Sunday, April 12, 2009

Theater Cricket: Private Lives by Noel Coward

Last week, R.A. and I went to see Private Lives, written by Noel Coward and playing now through May 3 at the City Lit Theatre in Bryn Mawr, on the Far North Side. The Theatre's address is 1020 W. Bryn Mawr, which happens to also be the exact same address for the Edgewater Presbyterian Church. I was quite taken aback at this, and, when we first arrived, I was convinced that we were in the wrong spot. But we weren't; the City Lit Theatre happens to be inside the Edgewater Presbyterian Church, which also happens to be the home of the Rogers Park Montessori school. Function follows form, I guess.

City Lit is an acting company that has been in Chicago for 30 years now, and, according to their website, at one point was "the only theatre in the nation devoted to stage adaptations of literary material.." Their blurb goes on to say that they have "presented a wide array of voices, from classic writers such as Henry James, Edith Wharton, Oliver Goldsmith, Mark Twain, Colette, and P.G. Wodehouse to such contemporary writers as Alice Walker, W.P. Kinsella, Lynda Barry, Raymond Carver, Edward Albee and Ruth Pwarer Jhabvala." Given this list, City Lit's production of Private Lives definitely falls under the former category: It was a performance filled with witty repartee, champagne flutes, 1920's art decor sets, fake cigarettes with fake cigarette smoke, and lots of British accents. It all struck me as weirdly anachronistic.

Noel Coward wrote Private Lives in 1930. He had been traveling in China when he came down with the flu, and he wrote the play over the course of four days, while he recovered. The plot follows former spouses Elyot (played by Don Bender) and Amanda (Cameron Feagin), two divorcees out on their respective second honeymoons, Elyot with the young and flighty Sybil (Maggie Kettering), and Amanda with the strong-chinned and flat-footed Victor (George Seegebrecht). Lo and behold, both couples are honeymooning at the same hotel in fashionable Deauville, Normandy. They're even sleeping in adjacent rooms. Quelle coincididence!

Hilarity ensues. The three acts of the play are driven both by dialogue and action as the comedians run about the stage, hiding behind shrubs, bolting in and out of rooms and, at one point, engaging in a surprisingly violent domestic fight. The stage belongs for the most part to Cameron Feagin, who is able to convey both Amanda's cynicism and anger as well as her sense of humor and love of life. I got the feeling that Amanda is Coward's favorite character in the play; he wrote the part for his close friend Gertrude Lawrence, and in a story of rivalry and one-upmanship, it is Amanda who inevitably keeps coming up on top. Coward himself originally played the part of Elyot. Ideally, Elyot ought to be Amanda's equal and rival, witty and urbane but also more than a bit disappointed with life, and just a touch sadistic. Unfortunately, Don Bender plays him more as a lech and a drunkard, filled with too much impotent rage and not enough quiet spite. And as for the younger belle and beau, Sybil and Victor, I never really got a feel for either of them. The characters are designed to be overpowered by their older, wiser, craftier counterparts, but these two seemed a little too willing to be used and manipulated.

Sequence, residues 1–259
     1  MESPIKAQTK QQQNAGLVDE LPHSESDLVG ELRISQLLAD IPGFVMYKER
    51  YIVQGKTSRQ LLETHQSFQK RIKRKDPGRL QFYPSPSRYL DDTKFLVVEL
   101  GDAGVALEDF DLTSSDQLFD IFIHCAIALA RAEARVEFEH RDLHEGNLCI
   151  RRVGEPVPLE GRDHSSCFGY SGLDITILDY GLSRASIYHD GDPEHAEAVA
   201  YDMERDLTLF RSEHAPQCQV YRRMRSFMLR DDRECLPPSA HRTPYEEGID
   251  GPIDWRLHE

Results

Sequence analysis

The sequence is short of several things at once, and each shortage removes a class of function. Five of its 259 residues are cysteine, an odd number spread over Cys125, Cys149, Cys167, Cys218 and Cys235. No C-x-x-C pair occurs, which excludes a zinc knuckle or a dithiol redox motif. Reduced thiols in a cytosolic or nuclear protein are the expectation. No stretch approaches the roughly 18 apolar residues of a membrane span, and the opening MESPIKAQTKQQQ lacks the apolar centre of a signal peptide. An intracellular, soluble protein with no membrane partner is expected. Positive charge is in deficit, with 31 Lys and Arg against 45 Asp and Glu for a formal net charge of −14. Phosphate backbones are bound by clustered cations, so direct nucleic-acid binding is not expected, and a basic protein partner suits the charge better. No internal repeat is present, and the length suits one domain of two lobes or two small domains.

The set and the costumes were designed to give the audience some kind of sense of the roaring twenties, all art-deco patterns and pastel colors. The costumes are all flowing dresses, white tuxedos, and elegant bathrobes. And, as the two couples traipse across France, staying in luxurious Parisian apartments and swapping partners and then swapping them again, I began to think to myself, "What in hell do these people do for a living?" There is a fifth character in the play, the French maid Louise, played by Shawna Tucker, who is constantly plagued by hay-fever and the middling French of her employers. But apart from Louise, no one else seems to work for a living.

A typical American concern, I know. But as the sounds of semi-trucks and ambulances pierced the unfortunately thin theatre/church/school walls, I wondered why City Lit decided that now, what with unemployment being at a 25-year high and all, was the time for this play that is strikingly unconcerned with questions of labor and capital, where wealth and luxury are both taken as givens. Even more puzzling is why director Terry McCabe did nothing to try to point out these discrepancies between the fantastic world that Amanda and Elyot inhabit and our own. It felt a little bit like being told to eat cake, or maybe to have a Bombay Sapphire martini.

Of course, I may be missing the essential point altogether. Private Lives was written in 1930, at the dawn of the Great Depression. It was immediately popular with both the critics and the audiences in New York. It has continued to be popular, winning Tonys in 1970 and 2002.* It has made successful run after successful run on Broadway, and maybe the reason for that is its essentially escapist attitude towards life and its hardships. It seems as if, in hard times, Americans seek out images and representations of beauty, wealth, and luxury. Or, at least, they just don't want to be reminded of their own private lives.**

* The 2002 performance starred Lindsay Duncan as Amanda and Alan Rickman as Elyot. I would pay a lot to see that.

** I preferred the January production of The Marriage of Figaro at the Greenhouse Theatre in Lincoln Park, a play which has kind of the same screwball elements as Private Lives but also contextualizes them within the themes of money, sex, and power.

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